What's the perfect amount of time to spend working? You know, the amount of time where you are productive, on top of your game and accomplishing your goals without sacrificing your health or your life?
Only you can answer that for yourself, but an intriguing study on work-life balance offers new insight to help you make this important decision.
Australian researchers took about 7,000 adults in the workforce, analyzed their work schedules and then put them through a series of cognitive tests. The results may surprise you: For adults over age 40, those working 25 hours a week performed best, with people showing increases in their abilities and functioning up to that point. It declines past that point, with those working 55 hours a week showing results worse than retired or unemployed participants.
That's right, working just three days a week made them happier, healthier and optimally productive employees. And this was true for both men and women. It all comes down to the one-word scourge of our modern society: stress.
"Work can be a double-edged sword, in that it can stimulate brain activity, but at the same time long working hours can cause fatigue and stress, which potentially damage cognitive functions," explained Colin McKenzie, Ph.D., one of the authors of the study and a professor at Japan's Keio University.
Younger workers are apparently less susceptible to burnout, perhaps because of their more resilient health or because they've simply been in the system less time.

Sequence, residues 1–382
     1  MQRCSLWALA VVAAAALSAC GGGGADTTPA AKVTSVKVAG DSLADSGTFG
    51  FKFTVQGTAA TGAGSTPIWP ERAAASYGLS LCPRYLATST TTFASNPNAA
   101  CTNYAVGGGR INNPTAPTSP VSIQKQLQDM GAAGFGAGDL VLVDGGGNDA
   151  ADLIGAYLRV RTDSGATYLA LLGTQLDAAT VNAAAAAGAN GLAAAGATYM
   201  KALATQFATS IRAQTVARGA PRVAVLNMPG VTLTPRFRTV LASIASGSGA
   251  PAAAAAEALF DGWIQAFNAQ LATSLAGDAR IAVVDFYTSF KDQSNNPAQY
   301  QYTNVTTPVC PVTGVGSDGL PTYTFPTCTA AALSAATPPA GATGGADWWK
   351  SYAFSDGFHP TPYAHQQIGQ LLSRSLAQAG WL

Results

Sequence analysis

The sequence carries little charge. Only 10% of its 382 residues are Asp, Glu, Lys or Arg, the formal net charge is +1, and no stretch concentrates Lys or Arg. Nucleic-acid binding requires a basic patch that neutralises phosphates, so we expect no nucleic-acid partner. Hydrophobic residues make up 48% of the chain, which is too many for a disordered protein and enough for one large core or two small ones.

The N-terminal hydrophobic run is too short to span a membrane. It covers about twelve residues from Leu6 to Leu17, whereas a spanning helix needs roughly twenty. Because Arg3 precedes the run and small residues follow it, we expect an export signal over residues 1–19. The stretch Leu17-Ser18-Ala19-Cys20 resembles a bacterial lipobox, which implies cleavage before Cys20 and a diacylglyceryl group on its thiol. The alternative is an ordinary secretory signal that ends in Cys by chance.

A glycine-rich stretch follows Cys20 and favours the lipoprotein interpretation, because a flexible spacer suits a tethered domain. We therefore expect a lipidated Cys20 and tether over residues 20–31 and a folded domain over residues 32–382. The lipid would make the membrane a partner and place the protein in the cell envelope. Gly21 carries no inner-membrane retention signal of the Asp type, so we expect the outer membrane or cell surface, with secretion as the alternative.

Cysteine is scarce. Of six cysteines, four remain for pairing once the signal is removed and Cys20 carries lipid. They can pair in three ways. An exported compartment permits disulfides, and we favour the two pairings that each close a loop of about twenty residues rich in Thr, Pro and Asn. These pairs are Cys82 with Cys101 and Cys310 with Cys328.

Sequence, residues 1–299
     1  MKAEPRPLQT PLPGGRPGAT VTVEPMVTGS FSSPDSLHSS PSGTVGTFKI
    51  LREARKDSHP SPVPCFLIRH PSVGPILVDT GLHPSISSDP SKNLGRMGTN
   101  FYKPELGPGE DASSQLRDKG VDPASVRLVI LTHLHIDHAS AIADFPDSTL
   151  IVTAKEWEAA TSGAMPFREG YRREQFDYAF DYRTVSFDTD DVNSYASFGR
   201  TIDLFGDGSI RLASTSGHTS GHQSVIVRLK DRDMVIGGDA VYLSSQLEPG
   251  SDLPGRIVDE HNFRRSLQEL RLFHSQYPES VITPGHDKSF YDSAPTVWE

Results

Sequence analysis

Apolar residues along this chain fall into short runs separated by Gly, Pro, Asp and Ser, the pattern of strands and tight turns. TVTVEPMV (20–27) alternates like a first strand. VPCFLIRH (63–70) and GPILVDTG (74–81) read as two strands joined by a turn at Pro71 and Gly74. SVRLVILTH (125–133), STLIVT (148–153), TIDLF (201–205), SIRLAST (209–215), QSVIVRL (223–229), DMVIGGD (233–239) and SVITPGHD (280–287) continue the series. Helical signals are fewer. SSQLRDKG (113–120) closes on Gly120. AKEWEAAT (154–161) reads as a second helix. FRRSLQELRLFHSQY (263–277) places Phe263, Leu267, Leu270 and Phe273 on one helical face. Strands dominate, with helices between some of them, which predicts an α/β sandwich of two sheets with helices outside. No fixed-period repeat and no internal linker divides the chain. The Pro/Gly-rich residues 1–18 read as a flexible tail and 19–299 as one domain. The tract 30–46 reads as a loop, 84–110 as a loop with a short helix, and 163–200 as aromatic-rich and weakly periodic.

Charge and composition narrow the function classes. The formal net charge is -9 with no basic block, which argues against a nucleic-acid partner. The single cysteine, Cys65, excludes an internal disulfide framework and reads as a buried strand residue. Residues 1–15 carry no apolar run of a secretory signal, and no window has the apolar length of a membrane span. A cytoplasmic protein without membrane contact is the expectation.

But as anyone who has to pay the bills knows, while shorter work weeks may be ideal, they may not be realistic. Pensions are the unicorn of employee benefits these days — you'll almost never see one in the wild, and if it weren't for knowing a few older folks who swear they exist, I'd think they were a total myth. And Social Security and other government benefits are often not enough to live on. This leaves adults, as we get older, wondering how to balance our need to eat with our health.
The sweet spot may be part-time work, according to the researchers. Not only do we need to stay mentally active — brains appear to be a use-it-or-lose-it commodity — but working gives people a sense of productivity, community and responsibility. In short, work gives your life meaning. But extra hours may not be worth the extra cash when it comes to stress and all the health problems that come with it.
The trick is to find a job that a) feels fulfilling, as in not "wage slavery," and b) will allow flexibility in hours through programs like job-sharing, part-time positions or mentoring. Unfortunately, these situations are about as rare as pensions. But hopefully, as companies start realizing that people perform better when they're not being worked to the bone, and with the advent of new technologies, we'll start to see more options. I'm not yet 40, so a girl can hope, right?
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